An exhibition about identity
3 Wilkes Street
London E1 6QF
June 4th to July 5th 2004
The series, parallel narratives, grew out of found books and incorporating images that kept up their own narrative in contrast to the spoken word and the narrative of the text. In the books, Marian & Dorothy, and Down North on The Labrador, the feminine voice as drawn in imagery is used in contrast to that of the text. In the first book it speaks through collage and mixed media images about women's lived lives a hundred years after the published text.
Where as the second book, North has a singular voice contrasting with that of the masculine narrative. In this book a medical missionary who has gone out to the colony of Labrador in Canada to practise tells his stories but which visual narratives have been added onto. Because of the particular narrative nature of the story, dealing colonisation and imperialism North took on powerful and poignant issues of identity. The autobiographical imagery about a more contemporary experience contrasted against uniquely against that of the masculine son of the Empire from the turn of the century.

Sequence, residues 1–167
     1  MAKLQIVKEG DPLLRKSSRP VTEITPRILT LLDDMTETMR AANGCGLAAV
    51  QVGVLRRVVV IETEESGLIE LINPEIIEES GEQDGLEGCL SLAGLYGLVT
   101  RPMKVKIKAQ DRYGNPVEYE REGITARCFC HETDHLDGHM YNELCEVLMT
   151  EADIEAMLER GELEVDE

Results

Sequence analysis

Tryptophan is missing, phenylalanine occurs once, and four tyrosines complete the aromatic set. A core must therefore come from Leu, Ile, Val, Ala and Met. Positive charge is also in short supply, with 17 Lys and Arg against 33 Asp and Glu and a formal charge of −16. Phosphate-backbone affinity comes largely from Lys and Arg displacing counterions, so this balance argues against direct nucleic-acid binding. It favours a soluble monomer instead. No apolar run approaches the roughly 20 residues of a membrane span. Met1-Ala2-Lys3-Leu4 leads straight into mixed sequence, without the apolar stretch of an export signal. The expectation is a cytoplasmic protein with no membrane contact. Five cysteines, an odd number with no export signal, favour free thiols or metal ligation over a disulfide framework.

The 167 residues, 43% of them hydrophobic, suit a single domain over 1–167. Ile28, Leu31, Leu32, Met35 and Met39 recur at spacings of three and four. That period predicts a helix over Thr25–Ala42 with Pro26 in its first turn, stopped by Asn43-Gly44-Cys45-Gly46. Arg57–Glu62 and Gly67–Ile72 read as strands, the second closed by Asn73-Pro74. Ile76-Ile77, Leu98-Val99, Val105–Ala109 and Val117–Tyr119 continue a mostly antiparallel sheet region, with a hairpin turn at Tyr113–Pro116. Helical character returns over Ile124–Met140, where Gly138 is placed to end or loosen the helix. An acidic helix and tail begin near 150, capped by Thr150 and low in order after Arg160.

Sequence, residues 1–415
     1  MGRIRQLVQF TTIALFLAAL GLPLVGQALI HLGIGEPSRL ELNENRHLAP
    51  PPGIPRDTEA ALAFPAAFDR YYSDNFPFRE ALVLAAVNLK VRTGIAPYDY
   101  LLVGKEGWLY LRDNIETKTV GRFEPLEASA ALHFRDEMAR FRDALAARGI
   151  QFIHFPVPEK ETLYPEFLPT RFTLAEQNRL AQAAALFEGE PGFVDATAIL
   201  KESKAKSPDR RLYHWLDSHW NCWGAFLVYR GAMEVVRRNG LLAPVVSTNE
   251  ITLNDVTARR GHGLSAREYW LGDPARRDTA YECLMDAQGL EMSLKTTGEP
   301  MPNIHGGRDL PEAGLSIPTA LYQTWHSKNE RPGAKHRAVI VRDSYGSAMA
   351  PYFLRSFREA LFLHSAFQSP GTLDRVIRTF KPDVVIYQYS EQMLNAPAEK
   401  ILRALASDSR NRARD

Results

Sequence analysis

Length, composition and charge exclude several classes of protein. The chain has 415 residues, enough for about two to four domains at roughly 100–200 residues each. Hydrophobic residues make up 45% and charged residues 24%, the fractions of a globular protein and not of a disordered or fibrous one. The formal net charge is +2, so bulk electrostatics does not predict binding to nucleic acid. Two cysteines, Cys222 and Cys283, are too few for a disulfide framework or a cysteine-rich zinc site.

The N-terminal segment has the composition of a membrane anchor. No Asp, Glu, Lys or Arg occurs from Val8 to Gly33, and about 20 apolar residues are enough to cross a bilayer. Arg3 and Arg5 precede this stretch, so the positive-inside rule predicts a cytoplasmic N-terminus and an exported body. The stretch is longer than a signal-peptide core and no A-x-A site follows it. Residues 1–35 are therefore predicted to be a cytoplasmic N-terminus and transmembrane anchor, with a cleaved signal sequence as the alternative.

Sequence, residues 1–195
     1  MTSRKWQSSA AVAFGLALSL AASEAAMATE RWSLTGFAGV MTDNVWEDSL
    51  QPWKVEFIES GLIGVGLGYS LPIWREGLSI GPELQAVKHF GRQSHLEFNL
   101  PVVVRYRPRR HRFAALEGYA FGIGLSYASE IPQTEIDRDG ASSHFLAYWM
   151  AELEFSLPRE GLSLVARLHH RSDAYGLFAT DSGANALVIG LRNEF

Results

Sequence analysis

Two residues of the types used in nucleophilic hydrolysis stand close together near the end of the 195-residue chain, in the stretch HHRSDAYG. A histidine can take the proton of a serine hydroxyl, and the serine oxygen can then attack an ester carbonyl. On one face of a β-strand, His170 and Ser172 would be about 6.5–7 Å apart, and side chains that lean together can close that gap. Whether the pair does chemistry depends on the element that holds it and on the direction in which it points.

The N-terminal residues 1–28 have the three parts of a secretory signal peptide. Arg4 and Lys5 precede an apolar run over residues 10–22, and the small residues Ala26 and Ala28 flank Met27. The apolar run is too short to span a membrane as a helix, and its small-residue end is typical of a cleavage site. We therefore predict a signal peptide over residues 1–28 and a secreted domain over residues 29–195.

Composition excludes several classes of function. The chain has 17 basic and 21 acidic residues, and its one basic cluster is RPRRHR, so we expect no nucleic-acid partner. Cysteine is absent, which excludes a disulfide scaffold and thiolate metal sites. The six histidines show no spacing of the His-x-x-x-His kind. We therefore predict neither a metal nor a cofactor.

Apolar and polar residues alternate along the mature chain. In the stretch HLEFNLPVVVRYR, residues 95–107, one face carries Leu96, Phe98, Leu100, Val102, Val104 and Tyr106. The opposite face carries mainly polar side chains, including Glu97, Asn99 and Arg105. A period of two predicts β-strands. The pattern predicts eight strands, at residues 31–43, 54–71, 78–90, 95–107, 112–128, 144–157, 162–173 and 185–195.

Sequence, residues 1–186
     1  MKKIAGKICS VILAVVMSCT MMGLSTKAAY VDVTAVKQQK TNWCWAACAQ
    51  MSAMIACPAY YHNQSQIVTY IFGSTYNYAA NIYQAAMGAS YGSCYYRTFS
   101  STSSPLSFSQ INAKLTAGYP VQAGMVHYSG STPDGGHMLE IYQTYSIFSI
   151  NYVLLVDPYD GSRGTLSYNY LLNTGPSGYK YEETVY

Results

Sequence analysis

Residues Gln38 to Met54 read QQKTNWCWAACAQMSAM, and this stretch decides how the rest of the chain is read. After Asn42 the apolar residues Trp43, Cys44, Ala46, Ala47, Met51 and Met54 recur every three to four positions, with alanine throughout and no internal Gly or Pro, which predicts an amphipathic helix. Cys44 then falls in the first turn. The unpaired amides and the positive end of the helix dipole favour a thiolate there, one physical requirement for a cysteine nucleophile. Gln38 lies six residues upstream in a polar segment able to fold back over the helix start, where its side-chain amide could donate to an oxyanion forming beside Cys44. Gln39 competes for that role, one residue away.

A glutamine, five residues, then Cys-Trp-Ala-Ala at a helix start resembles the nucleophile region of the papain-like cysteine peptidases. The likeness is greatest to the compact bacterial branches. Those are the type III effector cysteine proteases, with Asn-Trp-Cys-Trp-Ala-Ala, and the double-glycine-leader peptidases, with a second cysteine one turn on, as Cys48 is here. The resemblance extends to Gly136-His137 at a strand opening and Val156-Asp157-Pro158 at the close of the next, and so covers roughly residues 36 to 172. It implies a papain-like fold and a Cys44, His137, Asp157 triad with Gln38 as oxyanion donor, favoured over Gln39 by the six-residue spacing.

Drawing is a perfect means of working with ideas and experimentation. It has immediacy not just with the artist's eye but also with the mind and hand that controls it. However because of the fragile nature of the original work the use of scanning in conjunction with digital printing has produced a means of it accessing it by printing onto hand made paper.